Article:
Baltic divers find Frankfurt bell at 82m


Baltic divers find Frankfurt bell at 82m

Operation Hannibal
Operation Hannibal in 1945. (Picture: Bundesarchiv)

Divers with the technical group Baltictech have located the wreck of the steamship Frankfurt, a vessel involved in one of the world’s biggest maritime evacuations.

Operation Hannibal involved evacuating more than a million German troops and East Prussian civilians during the first five months of 1945 towards the end of WW2 in the face of  advancing Soviet forces.

The Germans lost 247 vessels during the operation, and Baltictech says that in 2020 it set itself the objective of finding the last five to remain undiscovered. Last year they found the first of these, the Karlsruhe, at a depth of 88m, as reported in October on Divernet.

Sunk by Soviet aircraft off the Polish coast, it had been the last vessel to leave Koenigsburg and the divers found at the wreck-site a number of crates with unknown contents, raising the possibility that they might contain parts of the priceless Amber Room looted from the Catherine Palace near St Petersburg. They have been awaiting the opportunity to return to investigate further.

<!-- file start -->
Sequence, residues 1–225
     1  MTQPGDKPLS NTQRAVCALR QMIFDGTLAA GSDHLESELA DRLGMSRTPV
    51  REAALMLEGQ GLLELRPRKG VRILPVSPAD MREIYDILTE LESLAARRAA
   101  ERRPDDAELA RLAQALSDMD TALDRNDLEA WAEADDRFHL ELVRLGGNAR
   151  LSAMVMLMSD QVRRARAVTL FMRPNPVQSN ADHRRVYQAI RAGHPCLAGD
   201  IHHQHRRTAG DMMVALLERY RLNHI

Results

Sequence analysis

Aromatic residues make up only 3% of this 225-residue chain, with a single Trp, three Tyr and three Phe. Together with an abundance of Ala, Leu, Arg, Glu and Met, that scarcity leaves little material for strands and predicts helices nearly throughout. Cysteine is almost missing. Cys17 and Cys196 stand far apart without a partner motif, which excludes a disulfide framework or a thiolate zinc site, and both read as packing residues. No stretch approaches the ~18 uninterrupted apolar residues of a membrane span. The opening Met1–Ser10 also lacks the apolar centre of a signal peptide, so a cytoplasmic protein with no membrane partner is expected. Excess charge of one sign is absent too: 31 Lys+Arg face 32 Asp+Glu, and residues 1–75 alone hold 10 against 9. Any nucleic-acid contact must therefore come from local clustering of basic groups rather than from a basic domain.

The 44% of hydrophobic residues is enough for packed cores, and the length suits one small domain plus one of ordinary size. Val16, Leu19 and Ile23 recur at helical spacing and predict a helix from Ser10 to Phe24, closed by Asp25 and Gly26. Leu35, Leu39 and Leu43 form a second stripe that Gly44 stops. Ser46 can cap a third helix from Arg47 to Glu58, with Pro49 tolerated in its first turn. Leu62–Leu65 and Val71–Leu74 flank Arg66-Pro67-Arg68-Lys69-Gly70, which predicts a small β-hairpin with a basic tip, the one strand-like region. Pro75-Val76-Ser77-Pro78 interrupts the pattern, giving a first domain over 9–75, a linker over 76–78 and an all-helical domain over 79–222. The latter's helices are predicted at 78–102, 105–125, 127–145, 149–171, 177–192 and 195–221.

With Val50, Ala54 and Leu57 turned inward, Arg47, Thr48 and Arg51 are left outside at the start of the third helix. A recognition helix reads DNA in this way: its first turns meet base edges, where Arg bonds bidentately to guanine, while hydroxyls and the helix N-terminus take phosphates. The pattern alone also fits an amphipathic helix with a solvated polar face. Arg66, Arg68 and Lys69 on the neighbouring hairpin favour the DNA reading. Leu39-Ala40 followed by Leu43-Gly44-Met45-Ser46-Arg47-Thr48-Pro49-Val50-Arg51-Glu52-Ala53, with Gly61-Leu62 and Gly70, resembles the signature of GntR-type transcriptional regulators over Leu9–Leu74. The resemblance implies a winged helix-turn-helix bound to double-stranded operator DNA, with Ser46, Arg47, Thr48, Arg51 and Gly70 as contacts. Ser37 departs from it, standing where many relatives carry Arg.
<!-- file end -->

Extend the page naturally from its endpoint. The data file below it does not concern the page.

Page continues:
The Frankfurt was also sunk by Soviet aircraft the month before the Karlsruhe, on 22 March. It was not carrying any cargo and all those aboard were reported to have survived. The divers located the wreck 40 nautical miles north of Rozewo in north-western Poland at a depth of 82m, and were able to confirm its identity after finding the ship’s bell.

12 July 2021

“Wreck is in good condition, stern slightly buried in the bottom,” reported the team. “The rest is heavily settled but it looks beautiful. The unit is ‘militarised’, meaning it has nests of anti-aircraft guns on the bow and stern.”

The remaining three vessels the divers hope to find are the auxiliary cruiser Orion, sunk by aircraft on 4 May; the cargo vessel Baltenland, torpedoed on 27 December, 1944; and another cargo ship, the Gerrit Fritzen, bombed during an air-raid on 12 March.



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